That’s also what complicates policy debates such as we had in Maryland’s Kirwan Commission. We wound up recommending that as many kids as possible should reach the “college and career ready” stage (at least in English language arts and math) by the end of tenth grade, with several well-formulated “pathways” to choose among thereafter, one pointed toward university, one to industry credentials, one to an associate degree and beyond. I believe—and believed—that this approach makes sense for multiple reasons, provided pre-K–10 is capable of adequately preparing youngsters for such pathways. But a number of veteran educators and others wanted to keep open a “generalist” option for those unready or unwilling to choose, and we wound up doing so.
Having said that, age sixteen and grade ten are very different stages of one’s development than the tykes who, according to Professor Shankar, “start to develop spelling careers” by the time they’re six, mindful—at least their parents are—that they’ll “age out” of eligibility for the competitions by fourteen. (The Scripps folks aren’t exactly blameless here. Adding pay-to-play and ending kids’ eligibility around eighth grade suggest that the best interests of children aren’t their highest priority!)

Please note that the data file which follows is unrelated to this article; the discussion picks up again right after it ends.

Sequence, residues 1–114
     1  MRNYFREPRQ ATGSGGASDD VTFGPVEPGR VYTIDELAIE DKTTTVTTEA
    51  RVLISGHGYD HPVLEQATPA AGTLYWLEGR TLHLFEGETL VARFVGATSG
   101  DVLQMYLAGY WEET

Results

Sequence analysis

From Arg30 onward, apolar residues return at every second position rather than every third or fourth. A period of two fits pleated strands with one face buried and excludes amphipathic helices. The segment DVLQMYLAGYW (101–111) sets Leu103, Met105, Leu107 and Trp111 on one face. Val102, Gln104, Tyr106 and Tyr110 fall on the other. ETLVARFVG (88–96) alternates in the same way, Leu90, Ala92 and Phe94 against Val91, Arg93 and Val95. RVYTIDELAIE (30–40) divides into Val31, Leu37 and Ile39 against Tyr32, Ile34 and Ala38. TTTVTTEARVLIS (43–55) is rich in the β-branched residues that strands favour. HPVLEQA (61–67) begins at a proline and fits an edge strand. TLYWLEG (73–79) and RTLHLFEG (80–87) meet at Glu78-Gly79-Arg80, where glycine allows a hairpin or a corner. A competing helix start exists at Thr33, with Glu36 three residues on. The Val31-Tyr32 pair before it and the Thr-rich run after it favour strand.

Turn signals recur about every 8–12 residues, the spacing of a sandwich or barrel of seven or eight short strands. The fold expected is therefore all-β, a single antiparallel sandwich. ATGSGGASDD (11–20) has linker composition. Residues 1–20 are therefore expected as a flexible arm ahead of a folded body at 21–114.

Yes, at some point young people ought to make decisions about what they will be when they “grow up.” I don’t have much patience for thirty-year-olds who are still grazing, trying one thing and then another, still trying to figure it all out. And yes, there’s much to be said for kids, even fairly young ones, having purpose in their lives, goals to strive for, and things they’re passionate about. But there’s also need for balance, for prospecting, for sampling, and for gaining the skills associated with citizenship and culture, not just one single-minded specialty, the value of which may wear off as one gets older.
Chester E. Finn, Jr., is a Distinguished Senior Fellow and President Emeritus at the Thomas B. Fordham Institute. He is also a Senior Fellow at Stanford’s Hoover Institution.
This post originally appeared in Flypaper.